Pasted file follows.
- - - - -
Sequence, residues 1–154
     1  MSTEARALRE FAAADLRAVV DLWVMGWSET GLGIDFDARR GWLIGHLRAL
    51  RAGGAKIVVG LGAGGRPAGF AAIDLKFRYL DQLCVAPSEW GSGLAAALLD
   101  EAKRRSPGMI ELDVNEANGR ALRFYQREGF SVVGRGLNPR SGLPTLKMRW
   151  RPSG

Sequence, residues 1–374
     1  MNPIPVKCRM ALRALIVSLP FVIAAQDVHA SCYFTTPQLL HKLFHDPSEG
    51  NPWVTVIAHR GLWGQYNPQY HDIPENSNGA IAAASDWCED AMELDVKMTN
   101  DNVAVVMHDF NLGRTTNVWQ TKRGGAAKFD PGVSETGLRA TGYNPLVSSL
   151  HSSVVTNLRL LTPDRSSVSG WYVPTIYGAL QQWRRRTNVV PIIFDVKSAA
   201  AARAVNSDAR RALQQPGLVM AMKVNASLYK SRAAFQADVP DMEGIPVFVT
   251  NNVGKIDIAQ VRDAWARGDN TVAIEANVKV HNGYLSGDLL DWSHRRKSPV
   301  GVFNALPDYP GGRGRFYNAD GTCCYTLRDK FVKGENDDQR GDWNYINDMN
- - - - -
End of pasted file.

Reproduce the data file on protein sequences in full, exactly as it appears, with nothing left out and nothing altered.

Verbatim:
Sequence, residues 1–154
     1  MSTEARALRE FAAADLRAVV DLWVMGWSET GLGIDFDARR GWLIGHLRAL
    51  RAGGAKIVVG LGAGGRPAGF AAIDLKFRYL DQLCVAPSEW GSGLAAALLD
   101  EAKRRSPGMI ELDVNEANGR ALRFYQREGF SVVGRGLNPR SGLPTLKMRW
   151  RPSG

Sequence, residues 1–374
     1  MNPIPVKCRM ALRALIVSLP FVIAAQDVHA SCYFTTPQLL HKLFHDPSEG
    51  NPWVTVIAHR GLWGQYNPQY HDIPENSNGA IAAASDWCED AMELDVKMTN
   101  DNVAVVMHDF NLGRTTNVWQ TKRGGAAKFD PGVSETGLRA TGYNPLVSSL
   151  HSSVVTNLRL LTPDRSSVSG WYVPTIYGAL QQWRRRTNVV PIIFDVKSAA
   201  AARAVNSDAR RALQQPGLVM AMKVNASLYK SRAAFQADVP DMEGIPVFVT
   251  NNVGKIDIAQ VRDAWARGDN TVAIEANVKV HNGYLSGDLL DWSHRRKSPV
   301  GVFNALPDYP GGRGRFYNAD GTCCYTLRDK FVKGENDDQR GDWNYINDMN